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Doc Rivers to his new reserves: We don’t take practice off so you better be ready 03.05.11 at 8:40 pm ET
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WALTHAM — You could sense the urgency in his voice.

Doc Rivers is a coach who exudes confidence and a positive attitude. But he also calls it the way he sees it and can push the emotional buttons of his players when need be.

After practice Saturday, he sent a very clear message to his second unit.

“They’ve got to get out of their [old] habits, wherever they’ve been,” Rivers said, referring clearly to Jeff Green, Sasha Pavlovic, Troy Murphy and Nenad Krstic. “We don’t [practice] long but we play with intensity, play hard. You just see some of their habits and some of their habits have to change. It will. It’s just going to take time.”

Rivers made it clear before practice began with several hundred fans listening in that their “help” defense was very sub-par Friday night in a 107-103 win over the Warriors.

“Learning to cover for each other is number one,” Rivers said. “But you can’t do that unless you have unbelievable focus and intensity and that’s what we’re trying to show them. I thought they were trying to do the right stuff on their help [defense] but they were always late because they’re not ready.”

Then Rivers got really serious.

“A lot of pros practice and they think practice is leisure and we don’t believe that here. It’s quick here but it’s hard. When you have your starters, who are playing 35 minutes [a game] going hard and you have your second unit going in cruise control, that’s not going to settle well with me.”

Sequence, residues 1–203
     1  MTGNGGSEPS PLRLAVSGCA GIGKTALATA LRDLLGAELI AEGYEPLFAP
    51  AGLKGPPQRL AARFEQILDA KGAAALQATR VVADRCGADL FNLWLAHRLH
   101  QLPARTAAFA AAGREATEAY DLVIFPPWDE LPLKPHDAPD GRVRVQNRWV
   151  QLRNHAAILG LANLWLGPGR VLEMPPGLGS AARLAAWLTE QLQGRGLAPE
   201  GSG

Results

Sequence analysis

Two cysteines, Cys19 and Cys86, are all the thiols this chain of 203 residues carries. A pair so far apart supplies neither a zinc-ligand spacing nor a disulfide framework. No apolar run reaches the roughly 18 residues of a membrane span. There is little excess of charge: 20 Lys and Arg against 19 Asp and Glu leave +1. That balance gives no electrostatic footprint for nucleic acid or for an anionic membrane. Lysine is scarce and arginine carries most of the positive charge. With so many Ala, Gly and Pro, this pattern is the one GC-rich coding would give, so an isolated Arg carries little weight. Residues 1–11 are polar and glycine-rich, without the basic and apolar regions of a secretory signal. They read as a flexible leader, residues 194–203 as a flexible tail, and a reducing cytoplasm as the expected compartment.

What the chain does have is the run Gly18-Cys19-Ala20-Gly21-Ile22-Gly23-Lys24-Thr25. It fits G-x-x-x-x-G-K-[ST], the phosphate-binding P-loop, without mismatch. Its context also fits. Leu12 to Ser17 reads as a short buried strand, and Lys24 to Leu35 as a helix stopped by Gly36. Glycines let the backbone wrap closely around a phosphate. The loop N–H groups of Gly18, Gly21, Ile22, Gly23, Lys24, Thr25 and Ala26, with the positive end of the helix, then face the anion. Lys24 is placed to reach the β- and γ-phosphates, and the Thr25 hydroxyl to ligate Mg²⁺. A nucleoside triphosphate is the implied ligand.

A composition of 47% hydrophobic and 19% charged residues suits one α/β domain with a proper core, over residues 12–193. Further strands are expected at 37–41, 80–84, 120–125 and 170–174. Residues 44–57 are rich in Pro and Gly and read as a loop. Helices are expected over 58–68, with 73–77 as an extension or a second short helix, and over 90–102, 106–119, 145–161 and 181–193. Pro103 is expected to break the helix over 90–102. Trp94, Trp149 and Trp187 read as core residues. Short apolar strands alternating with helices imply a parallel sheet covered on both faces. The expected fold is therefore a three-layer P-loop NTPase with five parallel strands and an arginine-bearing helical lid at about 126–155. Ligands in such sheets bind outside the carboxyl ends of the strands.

Message delivered.

During the open practice Saturday afternoon at their practice facility, which gave a peek to fans and special guests into some of their basic defensive principles, defensive coach Lawrence Frank called out positions and assignments and helped Rivers get the new players accustomed to the Celtics‘ way of defending. Read the rest of this entry »

Read More: Carlos Arroyo, Delonte West, Doc Rivers, Jeff Green
Even Ray Allen finds it hard to believe how open he was at 12:12 am ET
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Ray Allen could only imagine what Warriors fans were thinking when he was unconscious in the first half, drilling all four 3-point attempts on his was to 20 points and a 64-53 Celtics lead at the break.

‘€œWell, I think I’€™m the one guy that you look up and ask yourself, ‘How did he get so wide open in the corner?’ I think that everybody is thinking that ‘€“ everybody in the Bay Area is thinking that early in the game,” said Allen, who finished with 27 in Boston’s 107-103 win over those defenseless Warriors.

“You don’€™t really look at Paul [Pierce] and he’€™s wide open, and Jeff [Green] was wide open several times, Nenad [Krstic] was open a couple times; when Rondo get to the basket, I think that’€™s as the result of all the guys on the floor and the plays that we run.”

Good thing Allen’s sore right knee healed in time so he could play. But ice and a stat sheet that shows that Golden State is 28th of 30 NBA teams in points allowed can make you healthy in a hurry.